Every year I set goals for the coming year, and organize my winter practice based on how much work I need to do to be ready to attain them when the new season starts.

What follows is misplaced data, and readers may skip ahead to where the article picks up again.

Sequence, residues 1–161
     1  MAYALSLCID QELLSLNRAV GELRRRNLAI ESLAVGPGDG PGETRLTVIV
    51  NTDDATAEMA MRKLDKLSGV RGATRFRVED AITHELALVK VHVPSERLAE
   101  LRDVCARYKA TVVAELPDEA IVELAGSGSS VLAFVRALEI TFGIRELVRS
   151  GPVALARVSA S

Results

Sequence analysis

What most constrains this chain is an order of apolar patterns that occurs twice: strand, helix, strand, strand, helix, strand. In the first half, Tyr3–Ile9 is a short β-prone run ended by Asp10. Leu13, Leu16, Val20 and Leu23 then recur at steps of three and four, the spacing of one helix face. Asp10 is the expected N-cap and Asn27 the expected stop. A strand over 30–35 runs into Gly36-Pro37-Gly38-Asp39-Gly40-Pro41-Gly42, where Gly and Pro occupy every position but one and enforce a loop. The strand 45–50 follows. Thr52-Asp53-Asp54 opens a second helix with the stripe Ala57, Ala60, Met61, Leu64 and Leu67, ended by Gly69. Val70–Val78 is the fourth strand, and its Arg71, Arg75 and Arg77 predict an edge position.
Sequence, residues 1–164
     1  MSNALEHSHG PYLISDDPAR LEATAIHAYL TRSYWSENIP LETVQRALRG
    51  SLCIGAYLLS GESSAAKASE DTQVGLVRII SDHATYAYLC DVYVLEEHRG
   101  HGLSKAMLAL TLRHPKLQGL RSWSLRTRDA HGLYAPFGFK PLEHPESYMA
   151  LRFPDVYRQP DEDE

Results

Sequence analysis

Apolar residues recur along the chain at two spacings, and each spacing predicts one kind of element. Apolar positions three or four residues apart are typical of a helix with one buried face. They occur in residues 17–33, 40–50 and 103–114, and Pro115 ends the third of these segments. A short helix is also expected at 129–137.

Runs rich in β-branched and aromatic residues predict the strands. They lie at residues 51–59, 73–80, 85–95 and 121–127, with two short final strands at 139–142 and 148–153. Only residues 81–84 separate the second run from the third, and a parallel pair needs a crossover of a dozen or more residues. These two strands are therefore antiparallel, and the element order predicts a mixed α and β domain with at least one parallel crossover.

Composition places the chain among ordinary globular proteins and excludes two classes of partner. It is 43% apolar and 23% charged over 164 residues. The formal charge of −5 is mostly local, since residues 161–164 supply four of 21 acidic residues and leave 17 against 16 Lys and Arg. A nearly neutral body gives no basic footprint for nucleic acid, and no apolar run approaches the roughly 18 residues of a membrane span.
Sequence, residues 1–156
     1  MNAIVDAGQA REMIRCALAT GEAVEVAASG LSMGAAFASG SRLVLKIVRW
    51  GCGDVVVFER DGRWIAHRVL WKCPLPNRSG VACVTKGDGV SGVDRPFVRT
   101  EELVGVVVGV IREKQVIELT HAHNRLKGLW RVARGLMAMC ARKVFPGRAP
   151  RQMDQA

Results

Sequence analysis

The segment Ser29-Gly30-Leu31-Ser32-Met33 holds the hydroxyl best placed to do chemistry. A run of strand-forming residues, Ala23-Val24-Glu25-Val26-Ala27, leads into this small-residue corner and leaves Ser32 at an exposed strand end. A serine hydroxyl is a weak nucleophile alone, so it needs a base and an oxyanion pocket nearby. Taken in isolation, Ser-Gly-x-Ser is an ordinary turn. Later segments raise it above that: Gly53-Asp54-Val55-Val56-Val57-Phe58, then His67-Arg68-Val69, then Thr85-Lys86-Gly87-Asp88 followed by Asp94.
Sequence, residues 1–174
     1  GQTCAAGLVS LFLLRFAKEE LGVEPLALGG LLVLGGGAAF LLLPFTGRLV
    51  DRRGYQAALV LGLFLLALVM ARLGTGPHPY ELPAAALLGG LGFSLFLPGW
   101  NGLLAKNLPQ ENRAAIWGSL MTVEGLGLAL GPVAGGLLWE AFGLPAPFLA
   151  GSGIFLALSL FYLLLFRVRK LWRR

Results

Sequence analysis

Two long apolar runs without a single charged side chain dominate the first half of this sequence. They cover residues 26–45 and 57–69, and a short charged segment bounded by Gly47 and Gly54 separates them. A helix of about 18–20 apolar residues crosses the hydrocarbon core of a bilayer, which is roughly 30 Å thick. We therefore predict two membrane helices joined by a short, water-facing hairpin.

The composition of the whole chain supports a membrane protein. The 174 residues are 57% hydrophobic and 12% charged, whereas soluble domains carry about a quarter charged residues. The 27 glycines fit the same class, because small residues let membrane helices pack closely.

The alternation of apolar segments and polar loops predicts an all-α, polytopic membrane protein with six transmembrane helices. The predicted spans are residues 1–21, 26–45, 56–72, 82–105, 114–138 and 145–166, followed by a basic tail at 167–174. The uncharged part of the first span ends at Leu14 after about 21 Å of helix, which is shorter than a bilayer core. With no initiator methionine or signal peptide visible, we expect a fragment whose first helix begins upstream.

The goals are based on the number of holes green-high in regulation, percentage of par saves from greenside (<5 yards), and percentage of par saves from beyond greenside (5-20 yards). I have a putting index, explained below, and I keep track of the number of mental errors. A mental error is an occasion when your mind was thinking about the result during a shot rather than feeling the process, forgetting a pre-swing fundamental, or two, or making bad choices about what shot to hit or what club to hit it with. Green-high in regulation is a concession to my recreational golf swing. It’s not good enough to let me hit a lot of greens–the pros can worry about greens in regulation. I measure instead how many times I can at least be chipping for par. My goal for 2010 is 16 or more. There are two par save stats because within these two distances you would be using a different stroke, and you should monitor how well you do with each one. My goals for 2010 are 80% and 50%. Putting index is a thing I came up with. It’s the combined length of all putts divided by the length of all non-first putts. For example, if on three holes you had putts of 23 and 2 feet, 8 feet, and 47, 6, and 1 foot, the total length of all putts would be 87 feet. The total length of non-first putts would be 9 feet (2+6+1). You putting index would be 87 divided by 9, or 9.67. My 2010 goal is to be over 10.0. Mental errors are more difficult to quantify, but if you examine a round objectively, I would bet you could identify at least four strokes you lose every time out because your mind let you down. My 2010 goal is 0. Leave some comments about what your standards are. We’d all be interested to read them.